Returning to a beloved restaurant is like seeing an old friend again after an all too long hiatus. Your memory if full of good times and delectable evenings spent lingering over a glass of champagne or wine. Filled with nostalgia you wonder – will it be the same? Could our time apart have changed everything? Will we just pick up where we left off? You are not without, perhaps rightfully so, some trepidation, because while change is good, it sometimes comes at a cost.
But what is life without shaking things up a bit?
Last February one of my favorite Paris chefs, Geoffroy Maillard, received a long-awaited, long-merited, Michelin star for his French bistro in Montmartre, La Table d’Eugene, and I knew that things were going to be different from then on. But different how? The restaurant had already gotten a facelift in preparation of being fully considered to be in the running for one of the most sort after titles. Celebrities and even the President of France himself had already dined in delight at this small, intimate eatery, so what were we to expect thereafter?
I am not one to run in front when something new comes out. I like to wait a bit to let the dust settle and the crazed frenzy come to an end. It took me a while before I went back to La Table d’Eugene. I had dined several times since in Chef Maillard’s second restaurant, the cave à manger, La Rallonge, I had not quite mustered up the courage to return to La Table d’Eugene. I had no doubt that the food would still be great but I feared that the pretension that I have experienced in some other Michelin restaurants might taint forever my perfect memory of exquisite meals.
My first assumption about their newfound success was that it would now be impossible to get a table. Perhaps it pays to know the chef, but getting my reservation on the night I wanted was not as difficult as I would have thought- considering the size of the dining room, I am ever so grateful for that fact.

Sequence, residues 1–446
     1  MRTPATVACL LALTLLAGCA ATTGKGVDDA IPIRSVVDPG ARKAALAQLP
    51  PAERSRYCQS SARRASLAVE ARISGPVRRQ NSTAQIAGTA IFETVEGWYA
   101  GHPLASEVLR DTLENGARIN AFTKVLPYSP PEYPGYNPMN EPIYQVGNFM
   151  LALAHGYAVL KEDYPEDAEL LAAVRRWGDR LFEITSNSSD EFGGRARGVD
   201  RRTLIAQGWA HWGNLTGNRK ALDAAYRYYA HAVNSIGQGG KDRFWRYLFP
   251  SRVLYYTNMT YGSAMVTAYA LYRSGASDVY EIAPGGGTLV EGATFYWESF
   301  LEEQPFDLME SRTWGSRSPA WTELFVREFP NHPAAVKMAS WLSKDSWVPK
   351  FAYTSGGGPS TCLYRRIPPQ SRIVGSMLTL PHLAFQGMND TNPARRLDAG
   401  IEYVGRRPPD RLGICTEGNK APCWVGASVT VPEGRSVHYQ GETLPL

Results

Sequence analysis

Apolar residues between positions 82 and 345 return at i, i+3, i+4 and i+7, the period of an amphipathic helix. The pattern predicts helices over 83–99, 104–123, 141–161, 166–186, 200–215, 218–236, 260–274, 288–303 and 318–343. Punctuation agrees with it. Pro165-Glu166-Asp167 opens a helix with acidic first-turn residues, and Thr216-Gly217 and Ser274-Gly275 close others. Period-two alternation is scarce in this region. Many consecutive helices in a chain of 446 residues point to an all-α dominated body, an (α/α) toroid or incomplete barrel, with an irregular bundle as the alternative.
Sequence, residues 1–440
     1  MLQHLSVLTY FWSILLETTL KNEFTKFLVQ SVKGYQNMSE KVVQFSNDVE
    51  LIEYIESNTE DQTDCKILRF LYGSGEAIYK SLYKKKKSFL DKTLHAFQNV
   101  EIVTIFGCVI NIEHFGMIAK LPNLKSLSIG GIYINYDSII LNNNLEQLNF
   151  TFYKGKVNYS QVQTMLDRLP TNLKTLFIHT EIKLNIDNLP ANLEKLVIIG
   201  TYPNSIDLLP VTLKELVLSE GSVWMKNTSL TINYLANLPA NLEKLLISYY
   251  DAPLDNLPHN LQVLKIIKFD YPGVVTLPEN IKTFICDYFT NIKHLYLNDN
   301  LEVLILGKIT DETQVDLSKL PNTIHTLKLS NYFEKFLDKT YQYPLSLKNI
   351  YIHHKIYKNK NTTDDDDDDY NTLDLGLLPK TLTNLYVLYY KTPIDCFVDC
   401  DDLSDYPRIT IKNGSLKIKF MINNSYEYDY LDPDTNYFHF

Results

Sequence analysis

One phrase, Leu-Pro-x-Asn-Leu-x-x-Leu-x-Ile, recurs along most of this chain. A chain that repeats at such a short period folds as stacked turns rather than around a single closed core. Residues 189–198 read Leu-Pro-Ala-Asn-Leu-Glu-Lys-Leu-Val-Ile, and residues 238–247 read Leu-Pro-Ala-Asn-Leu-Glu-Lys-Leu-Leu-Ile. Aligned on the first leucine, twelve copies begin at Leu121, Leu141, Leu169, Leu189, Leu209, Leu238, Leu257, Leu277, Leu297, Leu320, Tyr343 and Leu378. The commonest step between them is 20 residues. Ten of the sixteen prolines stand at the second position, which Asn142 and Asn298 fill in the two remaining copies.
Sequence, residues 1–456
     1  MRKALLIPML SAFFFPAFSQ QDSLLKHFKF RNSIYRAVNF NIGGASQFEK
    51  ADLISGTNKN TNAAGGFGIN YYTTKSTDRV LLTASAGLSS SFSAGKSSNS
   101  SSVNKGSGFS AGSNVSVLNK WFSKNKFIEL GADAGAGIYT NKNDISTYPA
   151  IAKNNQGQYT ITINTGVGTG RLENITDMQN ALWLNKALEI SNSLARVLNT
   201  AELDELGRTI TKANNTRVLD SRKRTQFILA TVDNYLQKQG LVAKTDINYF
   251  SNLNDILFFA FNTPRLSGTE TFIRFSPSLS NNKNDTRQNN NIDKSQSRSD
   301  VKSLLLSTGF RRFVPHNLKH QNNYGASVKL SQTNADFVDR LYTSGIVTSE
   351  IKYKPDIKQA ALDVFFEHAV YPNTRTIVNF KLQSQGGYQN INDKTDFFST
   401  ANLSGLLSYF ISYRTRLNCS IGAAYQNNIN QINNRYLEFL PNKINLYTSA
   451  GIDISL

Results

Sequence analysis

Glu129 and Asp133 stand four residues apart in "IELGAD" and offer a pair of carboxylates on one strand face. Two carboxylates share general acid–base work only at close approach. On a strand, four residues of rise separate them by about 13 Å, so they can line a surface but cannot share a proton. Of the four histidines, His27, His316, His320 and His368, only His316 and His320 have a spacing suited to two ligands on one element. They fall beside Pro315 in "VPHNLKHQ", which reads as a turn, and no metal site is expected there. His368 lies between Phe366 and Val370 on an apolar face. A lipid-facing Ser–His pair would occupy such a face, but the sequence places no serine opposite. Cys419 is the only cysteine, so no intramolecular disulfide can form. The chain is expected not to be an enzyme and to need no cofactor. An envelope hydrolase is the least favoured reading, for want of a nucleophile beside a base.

I was joined by a fellow foodie who till then had never even set foot in the restaurant. We were warmly greeted by the familiar face of Catherine, a longstanding employee of La Table d’Eugene for whom the world of food service is no stranger. It was good to see her and to know that she also got to be a part of chef Maillard’s success story. Just seeing her put me at ease and marked a good start to the evening.
The dinner menu is broken up into two options, Oxalis 5 temps – a 5 course menu which in reality translated into 8 different dishes to try from amuse bouche to dessert, or Oxalis 8 temps – an 8 course menu. You could enjoy the menu alone or with the fabulous wine pairing.
What followed was a feast for the eyes and palette alike. I and my stomach thoroughly enjoyed ourselves and an old friendship was renewed.
The Amuse Bouches were masterpieces – a triumphant trio:
Gateau éponge céleri fenouil/ crème de coque/ langue de coque
émulsion burratina fumé
(Sponge cake of celery/fennel/Cream of cockles/Cockles & an emulsion of smoked burrantina cheese)
Petits pois frais/fraises fraiches/ huile de verveine/Cèpes/ foie gras/ cacao
(Fresh peas/fresh strawberries/verbena oil/Porcini mushrooms/ foie gras/ cacao powder)
If this was only a telling of what was to come, we were ready for a feast.
Let the tasting begin!
Tomates de plein champs/ Lait fermenté, infusé aux herbes/ Olives Noires
(Tomatoes (field grown)/ Fermented milk infused with herbs/Black olives)
Calamar / Chou-Fleur / Beurre Nantais / Yuzu / Riz Noir
(Calamari/cauliflower/ Beurre Nantais sauce/yuzu/Black rice)
Maigre de ligne/ Carotte Calamansi
(A variety of seabass/Calamansi carrots)
Agneau/ Baslic/ Courgette/ Ail noir/ Petits pois..
Chèvre frais/ noix/ poire safran/ caramel poivron
Fresh goat cheese/Safran pear/caramelized pepper
Then came the taste explosion:
Meringue verveine/ sorbet géranium/ Vanille/ fruits rouges
Verbena maringue/ geranium sorbet/Vanilla/ red fruits
And to end it all with delicately:
Sphère/ Chocolat/ Tonka
Chocolate & tonka bean sphere
The chocolate sauce is poured over the sphere, melting it down into a chocolately pool of goodness. I was clearly too slow in taking my photo, but I think you get the idea.
I ended my meal satiated and pleased. My old friend though not quite how I left him, was just enjoyable if not more. Chef Maillard came over to say hello and I was glowing with accolades. Bravo to everyone. I asked him if I could pop into the kitchen to say hello but also to see how they had redone that space as well. The kitchen remains small and well organized. I’m always impressed to see such great things come out of such a small space.
I have been recommending this restaurant to guests and anyone asking for years, so I’m happy to report that I will be continuing to do so without hesitation. If you are looking for a more casual taste of chef Maillard’s talents, head over to La Table d’Eugene just a few doors down.
La Table d’Eugene
18 rue Eugène Sue – 75018 Paris
Tel: +33 (0)1 42 55 61 64
Metro: Jules Joffrin, Marcadet-Poissonniers
12-2PM & 7:30PM-10:00PM
Closed Sunday & Monday
Join us in Montmartre for one of our French Cooking Classes
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